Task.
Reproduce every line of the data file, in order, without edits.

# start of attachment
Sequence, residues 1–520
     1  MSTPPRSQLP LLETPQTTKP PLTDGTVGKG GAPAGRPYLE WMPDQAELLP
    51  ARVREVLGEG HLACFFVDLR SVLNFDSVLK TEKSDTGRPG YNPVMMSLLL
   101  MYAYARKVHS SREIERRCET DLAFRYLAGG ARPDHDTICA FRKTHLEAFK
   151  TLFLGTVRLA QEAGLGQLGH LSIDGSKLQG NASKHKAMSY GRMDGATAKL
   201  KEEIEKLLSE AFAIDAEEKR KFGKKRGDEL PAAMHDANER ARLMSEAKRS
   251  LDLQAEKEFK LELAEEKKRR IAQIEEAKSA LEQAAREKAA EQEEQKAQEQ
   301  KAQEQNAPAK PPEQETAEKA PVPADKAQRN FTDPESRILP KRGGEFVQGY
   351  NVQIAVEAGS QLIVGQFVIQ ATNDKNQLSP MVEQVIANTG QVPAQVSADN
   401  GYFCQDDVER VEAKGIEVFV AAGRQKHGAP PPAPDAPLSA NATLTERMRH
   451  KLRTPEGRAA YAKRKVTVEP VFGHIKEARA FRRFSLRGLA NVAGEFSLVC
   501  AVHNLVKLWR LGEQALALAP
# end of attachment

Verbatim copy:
Sequence, residues 1–520
     1  MSTPPRSQLP LLETPQTTKP PLTDGTVGKG GAPAGRPYLE WMPDQAELLP
    51  ARVREVLGEG HLACFFVDLR SVLNFDSVLK TEKSDTGRPG YNPVMMSLLL
   101  MYAYARKVHS SREIERRCET DLAFRYLAGG ARPDHDTICA FRKTHLEAFK
   151  TLFLGTVRLA QEAGLGQLGH LSIDGSKLQG NASKHKAMSY GRMDGATAKL
   201  KEEIEKLLSE AFAIDAEEKR KFGKKRGDEL PAAMHDANER ARLMSEAKRS
   251  LDLQAEKEFK LELAEEKKRR IAQIEEAKSA LEQAAREKAA EQEEQKAQEQ
   301  KAQEQNAPAK PPEQETAEKA PVPADKAQRN FTDPESRILP KRGGEFVQGY
   351  NVQIAVEAGS QLIVGQFVIQ ATNDKNQLSP MVEQVIANTG QVPAQVSADN
   401  GYFCQDDVER VEAKGIEVFV AAGRQKHGAP PPAPDAPLSA NATLTERMRH
   451  KLRTPEGRAA YAKRKVTVEP VFGHIKEARA FRRFSLRGLA NVAGEFSLVC
   501  AVHNLVKLWR LGEQALALAP